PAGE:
Another question is whether an employee can refuse to come to work because their co-workers are not vaccinated. On this, FairWork says “If an employee refuses to attend the workplace because a co-worker isn’t vaccinated, their employer can direct them to attend the workplace if the direction is lawful and reasonable.” But, the Australian Human Rights Commission states that where someone is particularly vulnerable to COVID-19, a “blanket rule requiring all employees to attend a particular workplace may constitute indirect discrimination.” Whether it’s reasonable for an employee to attend their workplace is highly dependent on the facts and you should seek legal advice.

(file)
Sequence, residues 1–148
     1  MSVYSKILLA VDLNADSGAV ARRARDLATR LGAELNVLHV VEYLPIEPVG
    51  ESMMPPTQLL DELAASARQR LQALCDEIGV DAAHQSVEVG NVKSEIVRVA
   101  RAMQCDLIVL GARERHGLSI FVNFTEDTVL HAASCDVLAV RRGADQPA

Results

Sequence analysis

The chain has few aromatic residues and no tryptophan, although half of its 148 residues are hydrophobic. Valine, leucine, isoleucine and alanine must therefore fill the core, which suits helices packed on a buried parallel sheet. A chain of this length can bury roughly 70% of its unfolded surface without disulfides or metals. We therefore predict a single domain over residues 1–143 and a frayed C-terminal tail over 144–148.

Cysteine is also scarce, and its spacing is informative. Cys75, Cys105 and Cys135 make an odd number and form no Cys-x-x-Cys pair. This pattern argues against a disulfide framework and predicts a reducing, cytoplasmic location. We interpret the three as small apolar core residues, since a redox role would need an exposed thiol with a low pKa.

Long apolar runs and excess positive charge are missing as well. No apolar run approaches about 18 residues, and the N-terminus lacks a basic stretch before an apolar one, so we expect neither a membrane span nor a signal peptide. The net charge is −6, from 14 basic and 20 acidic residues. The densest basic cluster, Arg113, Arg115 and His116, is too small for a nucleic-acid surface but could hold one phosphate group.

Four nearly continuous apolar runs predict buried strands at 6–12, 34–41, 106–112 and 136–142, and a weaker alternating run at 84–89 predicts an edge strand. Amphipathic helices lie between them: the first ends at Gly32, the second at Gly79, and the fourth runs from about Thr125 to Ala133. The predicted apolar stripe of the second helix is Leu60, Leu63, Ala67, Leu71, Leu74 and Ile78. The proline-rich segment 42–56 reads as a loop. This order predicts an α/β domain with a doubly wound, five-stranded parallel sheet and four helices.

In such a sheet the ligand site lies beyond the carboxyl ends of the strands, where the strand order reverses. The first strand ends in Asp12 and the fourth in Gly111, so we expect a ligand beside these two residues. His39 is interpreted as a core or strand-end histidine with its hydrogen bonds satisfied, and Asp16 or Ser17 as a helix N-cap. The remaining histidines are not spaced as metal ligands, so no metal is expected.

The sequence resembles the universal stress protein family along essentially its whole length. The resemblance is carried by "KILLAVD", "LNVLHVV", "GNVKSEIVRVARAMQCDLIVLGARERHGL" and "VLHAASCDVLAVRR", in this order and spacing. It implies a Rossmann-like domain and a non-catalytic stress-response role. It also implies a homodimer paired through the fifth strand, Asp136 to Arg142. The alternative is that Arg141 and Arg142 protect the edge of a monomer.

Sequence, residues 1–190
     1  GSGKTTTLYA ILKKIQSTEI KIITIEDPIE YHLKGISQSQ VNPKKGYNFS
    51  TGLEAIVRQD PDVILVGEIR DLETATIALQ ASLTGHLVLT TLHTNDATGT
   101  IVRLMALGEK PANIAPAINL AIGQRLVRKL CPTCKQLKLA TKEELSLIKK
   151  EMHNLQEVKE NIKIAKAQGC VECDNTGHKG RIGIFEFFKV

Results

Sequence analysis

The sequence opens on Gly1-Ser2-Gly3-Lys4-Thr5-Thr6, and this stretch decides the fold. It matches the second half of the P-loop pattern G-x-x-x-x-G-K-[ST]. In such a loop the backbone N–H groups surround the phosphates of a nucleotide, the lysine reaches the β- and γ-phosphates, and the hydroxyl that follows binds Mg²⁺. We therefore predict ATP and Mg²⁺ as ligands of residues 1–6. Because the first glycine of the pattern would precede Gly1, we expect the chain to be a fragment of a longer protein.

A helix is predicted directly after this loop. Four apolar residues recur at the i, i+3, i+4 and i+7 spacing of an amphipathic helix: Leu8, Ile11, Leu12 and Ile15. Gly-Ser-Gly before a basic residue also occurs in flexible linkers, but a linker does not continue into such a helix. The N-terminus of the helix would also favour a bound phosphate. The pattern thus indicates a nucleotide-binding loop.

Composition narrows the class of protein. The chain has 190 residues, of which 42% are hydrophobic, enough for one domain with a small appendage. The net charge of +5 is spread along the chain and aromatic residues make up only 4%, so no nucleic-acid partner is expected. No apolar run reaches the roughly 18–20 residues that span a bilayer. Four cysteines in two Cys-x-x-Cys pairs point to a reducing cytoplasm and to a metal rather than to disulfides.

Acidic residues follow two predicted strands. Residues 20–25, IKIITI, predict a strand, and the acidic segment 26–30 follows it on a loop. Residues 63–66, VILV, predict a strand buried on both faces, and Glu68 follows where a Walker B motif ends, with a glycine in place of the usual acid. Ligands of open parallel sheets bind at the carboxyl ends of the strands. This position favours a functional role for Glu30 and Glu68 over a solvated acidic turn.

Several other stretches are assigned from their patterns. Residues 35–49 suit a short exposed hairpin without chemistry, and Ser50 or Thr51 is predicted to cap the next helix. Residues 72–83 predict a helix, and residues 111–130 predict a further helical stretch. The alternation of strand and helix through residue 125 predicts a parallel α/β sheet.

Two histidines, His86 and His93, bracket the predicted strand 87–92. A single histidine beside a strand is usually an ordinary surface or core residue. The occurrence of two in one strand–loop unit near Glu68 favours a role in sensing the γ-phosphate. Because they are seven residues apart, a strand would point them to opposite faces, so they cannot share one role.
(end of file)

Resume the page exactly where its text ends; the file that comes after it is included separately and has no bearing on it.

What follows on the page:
Divorce, Superannuation and the Gender Divide

New legislation will help prevent superannuation assets from being hidden during divorce proceedings.

From 1 April 2022, the Australian Taxation Office (ATO) will be able to release details of an individual’s superannuation information to a family law court.

The recently enacted laws are designed to ensure that there is procedural and economic fairness in divorce proceedings to prevent the under-reporting of superannuation assets. While a spouse’s superannuation information can be obtained now through legal action, if it is not provided willingly, it is often expensive and time consuming to obtain factual information through subpoenas or court orders.